While Will Braun applauds Mennonite Central Committee (MCC) for its commitment to shrink its carbon footprint by 20 percent over the next 10 years, he wonders whether it is just “belt-tightening” or setting a new environmental paradigm, whether it is “leading or following.”
Braun, a New Order Voice columnist for Canadian Mennonite, has been a consistent critic of the Mennonite church in its recent efforts to add “care of creation” to its core theological beliefs and practices, not because he is opposed, but because he thinks the church is coming to this awareness “too little, too late.”
MCC is probably leading the church in this cause, he says, and should be credited for raising its sights by linking emission reduction efforts to the plight of people who suffer most from the impacts of climate change. “The goal implies an intent to be accountable, which is positive,” he says.
But when measured against last year’s climate summit goal of an 80 percent reduction in global CO2 emissions by 2050, he says the MCC goal looks unimpressive. “Would MCC leaders feel proud to stand up in front of the people in those parts of the world most impacted by climate change and announce this goal?” he asks pointedly. While the world’s G8 leaders didn’t approve the goal, it was a good benchmark, Braun insists.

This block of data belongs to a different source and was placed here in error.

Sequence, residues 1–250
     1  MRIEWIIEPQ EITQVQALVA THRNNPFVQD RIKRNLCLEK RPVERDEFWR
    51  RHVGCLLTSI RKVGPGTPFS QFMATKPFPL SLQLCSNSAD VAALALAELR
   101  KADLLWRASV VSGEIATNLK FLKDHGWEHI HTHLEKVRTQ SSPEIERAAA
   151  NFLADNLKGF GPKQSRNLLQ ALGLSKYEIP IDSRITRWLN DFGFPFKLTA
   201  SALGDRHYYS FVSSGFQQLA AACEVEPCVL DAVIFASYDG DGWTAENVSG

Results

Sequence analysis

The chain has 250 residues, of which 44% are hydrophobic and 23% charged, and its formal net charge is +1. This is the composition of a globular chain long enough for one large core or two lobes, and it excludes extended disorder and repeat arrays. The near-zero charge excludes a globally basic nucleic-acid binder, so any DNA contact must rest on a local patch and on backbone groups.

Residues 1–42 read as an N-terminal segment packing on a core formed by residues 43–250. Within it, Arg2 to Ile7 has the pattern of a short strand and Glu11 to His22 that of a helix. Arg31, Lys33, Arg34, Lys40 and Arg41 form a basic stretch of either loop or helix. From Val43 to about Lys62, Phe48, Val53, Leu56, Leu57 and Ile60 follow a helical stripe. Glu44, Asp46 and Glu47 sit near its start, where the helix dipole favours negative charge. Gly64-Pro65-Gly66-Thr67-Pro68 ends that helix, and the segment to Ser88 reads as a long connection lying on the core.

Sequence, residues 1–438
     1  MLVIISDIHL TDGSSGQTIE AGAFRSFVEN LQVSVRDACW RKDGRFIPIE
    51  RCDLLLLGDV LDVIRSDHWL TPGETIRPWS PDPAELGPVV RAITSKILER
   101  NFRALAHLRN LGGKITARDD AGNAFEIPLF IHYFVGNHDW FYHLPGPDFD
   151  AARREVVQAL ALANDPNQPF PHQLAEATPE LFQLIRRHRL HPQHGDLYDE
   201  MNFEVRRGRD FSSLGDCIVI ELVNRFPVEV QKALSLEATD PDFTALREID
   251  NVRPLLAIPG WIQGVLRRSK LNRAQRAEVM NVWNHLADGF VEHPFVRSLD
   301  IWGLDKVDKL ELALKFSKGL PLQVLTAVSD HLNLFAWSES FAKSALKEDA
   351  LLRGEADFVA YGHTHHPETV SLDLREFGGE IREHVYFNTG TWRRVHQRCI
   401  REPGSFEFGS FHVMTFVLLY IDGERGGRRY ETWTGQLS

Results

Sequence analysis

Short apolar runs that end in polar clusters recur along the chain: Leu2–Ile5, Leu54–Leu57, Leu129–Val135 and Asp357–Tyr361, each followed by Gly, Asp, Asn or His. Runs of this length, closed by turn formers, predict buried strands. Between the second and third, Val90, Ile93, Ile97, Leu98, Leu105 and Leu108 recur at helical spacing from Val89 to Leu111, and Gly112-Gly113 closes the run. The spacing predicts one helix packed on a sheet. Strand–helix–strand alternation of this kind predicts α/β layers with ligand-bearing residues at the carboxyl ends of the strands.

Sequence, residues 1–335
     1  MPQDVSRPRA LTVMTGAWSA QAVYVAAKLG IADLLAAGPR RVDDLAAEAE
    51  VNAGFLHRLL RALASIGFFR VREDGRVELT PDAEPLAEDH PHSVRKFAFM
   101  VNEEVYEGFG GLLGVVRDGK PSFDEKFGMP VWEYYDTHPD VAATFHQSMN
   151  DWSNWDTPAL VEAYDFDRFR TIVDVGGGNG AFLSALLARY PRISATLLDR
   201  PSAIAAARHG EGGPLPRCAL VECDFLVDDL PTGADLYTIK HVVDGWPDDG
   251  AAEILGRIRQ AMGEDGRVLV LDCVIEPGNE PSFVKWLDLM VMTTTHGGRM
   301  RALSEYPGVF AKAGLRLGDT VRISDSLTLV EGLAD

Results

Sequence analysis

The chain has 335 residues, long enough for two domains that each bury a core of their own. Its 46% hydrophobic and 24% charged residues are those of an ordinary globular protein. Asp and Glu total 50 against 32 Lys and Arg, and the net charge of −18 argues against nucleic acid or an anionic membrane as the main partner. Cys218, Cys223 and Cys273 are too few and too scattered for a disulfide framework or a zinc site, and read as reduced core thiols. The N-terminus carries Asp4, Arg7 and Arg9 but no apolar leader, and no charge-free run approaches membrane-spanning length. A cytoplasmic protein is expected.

Spokespersons for MCC are aware of their shortcomings as a people.
“Our lifestyle leaves a toxic legacy,” says Mark Bigland-Pritchard of Low Energy Design Ltd., environmental auditor of MCC’s North American operations. And recognizing that the organization contributes to carbon emissions through air travel and inefficient buildings, MCC has forged a partnership with a not-for-profit organization called Sustainable Waterloo to lessen its emissions in these areas.
All 12 North American MCC offices will report emissions from air and land travel to Sustainable Waterloo as a part of their partnership, providing computer-based tracking tools, analyzing data and creating reports for MCC.
“Tracking carbon output is like doing financial accounting,” says Susan Wenger, administrative assistant to the MCC executive office and co-chair of MCC’s Care for Creation Task Force.